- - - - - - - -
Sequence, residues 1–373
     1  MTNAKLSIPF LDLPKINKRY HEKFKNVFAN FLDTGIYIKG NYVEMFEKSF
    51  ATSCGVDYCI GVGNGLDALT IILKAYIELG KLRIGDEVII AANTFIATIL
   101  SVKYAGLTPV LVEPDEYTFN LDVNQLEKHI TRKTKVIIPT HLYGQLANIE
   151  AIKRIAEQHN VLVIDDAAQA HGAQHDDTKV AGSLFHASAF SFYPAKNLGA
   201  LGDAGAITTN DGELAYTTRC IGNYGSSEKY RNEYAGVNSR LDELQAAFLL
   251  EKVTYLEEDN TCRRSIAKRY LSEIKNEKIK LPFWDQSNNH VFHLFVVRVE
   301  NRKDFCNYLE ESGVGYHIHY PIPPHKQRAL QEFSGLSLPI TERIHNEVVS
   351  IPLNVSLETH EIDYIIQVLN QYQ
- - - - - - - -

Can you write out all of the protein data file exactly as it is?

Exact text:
Sequence, residues 1–373
     1  MTNAKLSIPF LDLPKINKRY HEKFKNVFAN FLDTGIYIKG NYVEMFEKSF
    51  ATSCGVDYCI GVGNGLDALT IILKAYIELG KLRIGDEVII AANTFIATIL
   101  SVKYAGLTPV LVEPDEYTFN LDVNQLEKHI TRKTKVIIPT HLYGQLANIE
   151  AIKRIAEQHN VLVIDDAAQA HGAQHDDTKV AGSLFHASAF SFYPAKNLGA
   201  LGDAGAITTN DGELAYTTRC IGNYGSSEKY RNEYAGVNSR LDELQAAFLL
   251  EKVTYLEEDN TCRRSIAKRY LSEIKNEKIK LPFWDQSNNH VFHLFVVRVE
   301  NRKDFCNYLE ESGVGYHIHY PIPPHKQRAL QEFSGLSLPI TERIHNEVVS
   351  IPLNVSLETH EIDYIIQVLN QYQ